Perched in Indian Brook, Nova Scotia, is a small reserve community's gas bar. Inside is a dark room stocked full of VLTs next to a bathroom with a toilet that can only be flushed with the assistance of a plastic spoon. Willy Gehue, a self-declared gambling addict, has been there often.
"At one time I was seriously addicted," says Gehue. "I see myself a couple of times there---quite a few times---one day put in $200, next day put $300 in, next day put another $200 in; like it was 20 or 30 bucks."
While the previous government acted to turn off machines in bars, clubs and legions between midnight and closing, and removed 1,000 machines from those locations, explosive growth in loosely regulated reserve gambling has erased many of the gains.
Led by urban reserves in Sydney and Cole Harbour that draw hordes of non-native gamblers, revenues from reserve VLTs now account for one in four dollars collected from VLTs in Nova Scotia. Rather than dropping money at their local taverns, people in Halifax are driving to Cole Harbour, where unlike the VLTs elsewhere, those on reserves can often operate 23 hours a day, don't have to be in licensed premises, allow smoking in some cases, and can oftentimes offer a safe place where addicts are unlikely to see their neighbours.
The reserve machines operate under secret agreements with the province and are subject to almost no provincial oversight despite the fact that most of the money comes from non-natives. The King's investigative team asked the government and all the bands to look at the agreements; government officials refused to turn them over and not a single band replied.
According to Lloyd Johnson, a member of the gaming commission at Millbrook, until 1995 reserves were only allowed to sell baskets alongside the highway. They've come a long way from roadside sales. VLT revenues from reserves, after fees paid to ALC, have jumped from $10.7 million to $49 million in the past 11 years.
But most of the revenues generated go directly back to the band to fund community development.
"A lot of them use it for programs that are not funded through Indian and Northern Affairs. They use it to supplement health care, youth programs, community service programs," says Nancy McInnis Leek, trade adviser for the Department of Intergovernmental Affairs.
For example, Membertou First Nation, which has almost as many VLTs as the rest of Sydney, has developed a state-of-the-art convention centre, built houses and roads and provided annual dividends of $1,500 to each band member.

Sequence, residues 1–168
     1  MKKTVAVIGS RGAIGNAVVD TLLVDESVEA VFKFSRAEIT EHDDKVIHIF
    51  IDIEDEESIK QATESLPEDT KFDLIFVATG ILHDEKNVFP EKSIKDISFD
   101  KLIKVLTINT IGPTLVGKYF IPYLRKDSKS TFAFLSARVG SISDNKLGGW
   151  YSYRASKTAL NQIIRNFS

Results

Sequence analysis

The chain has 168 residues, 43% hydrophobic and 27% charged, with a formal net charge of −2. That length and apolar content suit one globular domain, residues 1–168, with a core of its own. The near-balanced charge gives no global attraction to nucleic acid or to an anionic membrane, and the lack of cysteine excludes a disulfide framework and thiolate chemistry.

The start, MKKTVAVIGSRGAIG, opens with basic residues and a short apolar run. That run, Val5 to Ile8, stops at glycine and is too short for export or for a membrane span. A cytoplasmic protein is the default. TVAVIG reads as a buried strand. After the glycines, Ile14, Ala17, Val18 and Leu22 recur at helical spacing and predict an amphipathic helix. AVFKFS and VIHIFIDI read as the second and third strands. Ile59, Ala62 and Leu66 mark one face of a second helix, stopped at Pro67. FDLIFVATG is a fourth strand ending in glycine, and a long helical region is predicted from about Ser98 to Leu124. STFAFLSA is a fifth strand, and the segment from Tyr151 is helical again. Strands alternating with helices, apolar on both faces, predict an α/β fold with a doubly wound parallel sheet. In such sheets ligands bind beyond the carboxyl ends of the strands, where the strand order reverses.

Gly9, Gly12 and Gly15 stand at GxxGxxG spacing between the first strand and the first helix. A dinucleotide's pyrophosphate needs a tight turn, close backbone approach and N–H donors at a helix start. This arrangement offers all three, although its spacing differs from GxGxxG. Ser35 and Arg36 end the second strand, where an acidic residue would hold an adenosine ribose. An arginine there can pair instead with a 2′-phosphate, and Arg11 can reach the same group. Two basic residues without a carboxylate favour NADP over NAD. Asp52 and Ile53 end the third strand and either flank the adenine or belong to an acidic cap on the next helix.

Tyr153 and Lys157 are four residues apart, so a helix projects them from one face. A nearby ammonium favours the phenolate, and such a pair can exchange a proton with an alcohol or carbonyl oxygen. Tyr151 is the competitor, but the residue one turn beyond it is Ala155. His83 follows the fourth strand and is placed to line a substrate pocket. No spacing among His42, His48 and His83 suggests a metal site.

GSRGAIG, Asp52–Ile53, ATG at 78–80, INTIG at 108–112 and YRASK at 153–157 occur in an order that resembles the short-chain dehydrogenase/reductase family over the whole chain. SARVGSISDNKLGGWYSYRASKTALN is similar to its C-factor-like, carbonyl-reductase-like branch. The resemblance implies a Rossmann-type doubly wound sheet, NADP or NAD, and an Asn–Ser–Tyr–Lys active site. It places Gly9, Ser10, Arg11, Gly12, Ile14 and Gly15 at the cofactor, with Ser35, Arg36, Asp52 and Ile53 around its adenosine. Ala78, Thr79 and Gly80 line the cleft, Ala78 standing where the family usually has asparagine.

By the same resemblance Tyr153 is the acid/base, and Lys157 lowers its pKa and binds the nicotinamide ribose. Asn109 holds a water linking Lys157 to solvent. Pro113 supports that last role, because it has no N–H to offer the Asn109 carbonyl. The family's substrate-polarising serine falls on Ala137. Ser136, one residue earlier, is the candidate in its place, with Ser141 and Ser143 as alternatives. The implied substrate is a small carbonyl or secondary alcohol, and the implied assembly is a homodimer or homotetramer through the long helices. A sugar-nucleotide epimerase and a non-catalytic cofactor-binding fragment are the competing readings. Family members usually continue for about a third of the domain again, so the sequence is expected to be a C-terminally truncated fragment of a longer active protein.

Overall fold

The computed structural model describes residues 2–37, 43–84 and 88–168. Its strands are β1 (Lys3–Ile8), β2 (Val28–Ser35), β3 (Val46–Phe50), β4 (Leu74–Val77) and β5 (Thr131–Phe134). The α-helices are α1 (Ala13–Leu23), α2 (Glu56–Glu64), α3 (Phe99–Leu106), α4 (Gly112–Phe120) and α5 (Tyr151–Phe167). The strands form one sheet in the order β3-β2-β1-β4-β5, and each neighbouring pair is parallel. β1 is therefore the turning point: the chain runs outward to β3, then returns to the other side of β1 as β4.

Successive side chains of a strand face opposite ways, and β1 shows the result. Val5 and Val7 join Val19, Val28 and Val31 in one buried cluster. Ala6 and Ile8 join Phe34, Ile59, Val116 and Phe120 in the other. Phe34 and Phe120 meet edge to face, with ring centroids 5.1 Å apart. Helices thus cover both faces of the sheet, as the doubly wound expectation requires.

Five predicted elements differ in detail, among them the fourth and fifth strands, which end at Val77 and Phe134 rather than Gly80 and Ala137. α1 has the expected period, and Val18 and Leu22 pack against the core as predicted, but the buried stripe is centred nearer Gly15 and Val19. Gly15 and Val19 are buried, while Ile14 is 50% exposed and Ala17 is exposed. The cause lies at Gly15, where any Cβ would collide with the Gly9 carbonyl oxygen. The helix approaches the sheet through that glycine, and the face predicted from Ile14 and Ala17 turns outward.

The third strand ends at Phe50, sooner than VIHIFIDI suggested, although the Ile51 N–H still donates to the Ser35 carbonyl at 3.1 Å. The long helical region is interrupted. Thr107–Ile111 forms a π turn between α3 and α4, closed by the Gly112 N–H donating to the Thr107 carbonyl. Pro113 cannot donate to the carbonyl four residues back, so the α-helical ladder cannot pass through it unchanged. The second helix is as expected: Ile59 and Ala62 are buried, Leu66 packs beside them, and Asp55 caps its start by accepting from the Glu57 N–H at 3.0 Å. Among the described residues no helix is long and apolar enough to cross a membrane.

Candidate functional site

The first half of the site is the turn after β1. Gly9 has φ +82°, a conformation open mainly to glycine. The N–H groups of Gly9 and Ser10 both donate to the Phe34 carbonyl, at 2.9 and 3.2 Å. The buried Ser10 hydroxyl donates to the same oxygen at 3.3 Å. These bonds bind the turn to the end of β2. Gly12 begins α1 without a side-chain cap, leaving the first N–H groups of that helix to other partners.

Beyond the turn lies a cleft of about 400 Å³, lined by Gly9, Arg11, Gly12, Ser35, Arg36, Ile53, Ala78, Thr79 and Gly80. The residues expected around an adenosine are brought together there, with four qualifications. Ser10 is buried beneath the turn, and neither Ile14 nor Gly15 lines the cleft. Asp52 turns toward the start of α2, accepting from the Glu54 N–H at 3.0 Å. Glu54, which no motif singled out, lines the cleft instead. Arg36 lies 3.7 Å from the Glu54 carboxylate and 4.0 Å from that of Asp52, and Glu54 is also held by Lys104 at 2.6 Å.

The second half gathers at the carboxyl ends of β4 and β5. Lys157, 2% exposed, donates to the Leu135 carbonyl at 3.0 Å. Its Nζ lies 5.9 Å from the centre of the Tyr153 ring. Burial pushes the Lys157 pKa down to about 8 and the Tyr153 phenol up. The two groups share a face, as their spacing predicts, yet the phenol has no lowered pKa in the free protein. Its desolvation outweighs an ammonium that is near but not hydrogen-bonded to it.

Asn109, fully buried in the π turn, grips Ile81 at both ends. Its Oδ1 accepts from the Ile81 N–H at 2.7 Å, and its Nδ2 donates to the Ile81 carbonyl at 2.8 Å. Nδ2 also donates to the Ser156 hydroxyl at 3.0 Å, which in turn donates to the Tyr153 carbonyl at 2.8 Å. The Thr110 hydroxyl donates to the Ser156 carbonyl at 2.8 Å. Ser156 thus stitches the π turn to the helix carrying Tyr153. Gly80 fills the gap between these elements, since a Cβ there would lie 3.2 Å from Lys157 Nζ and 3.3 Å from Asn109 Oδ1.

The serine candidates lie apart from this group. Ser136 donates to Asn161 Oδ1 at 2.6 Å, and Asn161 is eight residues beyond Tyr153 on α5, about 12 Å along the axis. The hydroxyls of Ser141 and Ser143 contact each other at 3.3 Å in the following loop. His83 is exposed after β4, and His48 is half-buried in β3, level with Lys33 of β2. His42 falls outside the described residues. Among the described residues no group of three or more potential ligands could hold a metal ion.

At Millbrook First Nation in Cole Harbour, a vast number of people from off-reserve communities travel to places such as Treaty Gas to play one of their VLTs whenever the mood strikes.
In 2002, the reserve brought in $7.8 million in revenue for community development, allowing the construction of a 100-room hotel complete with indoor water park. Construction is scheduled to start next month.
"We really don't like to brag about the money part of [VLT machines] because there are segments of society that say, 'Yeah you know they're lining their pockets,' and the anti-gaming crowd would say, 'Oh yeah, they made it on the backs of problem gamblers.' We don't look at it that way," says Johnson.
He says the community has improved dramatically since 1994---a direct result of the VLT revenue.
But is that dissenting "segment of society" right? Does the deal to allow VLTs on reserves, made to help native communities, do so on the backs of problem gamblers and their grocery money?
VLTs on reserves can be found at gas stations, laundromats and convenience stores and many are open 23 hours a day, while off-reserve, only bars and legions have VLTs, and they must turn them off at midnight.
The reserve VLT industry has become so big that even the Nova Scotia Gaming Corporation has taken notice. "Revenues from [VLTs] performed under target as a result of a shift in play to First Nations' sites," NSGC said in its annual business plan for 2008-2009. "Some customers prefer First Nations' sites due to differences in the operating environment: NSGC's sites do not permit smoking, and VLT operations end at midnight each day; First Nations' sites permit smoking and allow VLTs to operate past midnight."
The huge flow of money to reserves directly undermines the government's gaming strategy, particularly because of the longer operating hours. One of the reasons the government shut down VLTs off-reserve after midnight was because a higher proportion of players in the early morning hours are problem gamblers.
On many occasions, Hurlbert found herself contemplating her next move after her favourite bar shut off the lights.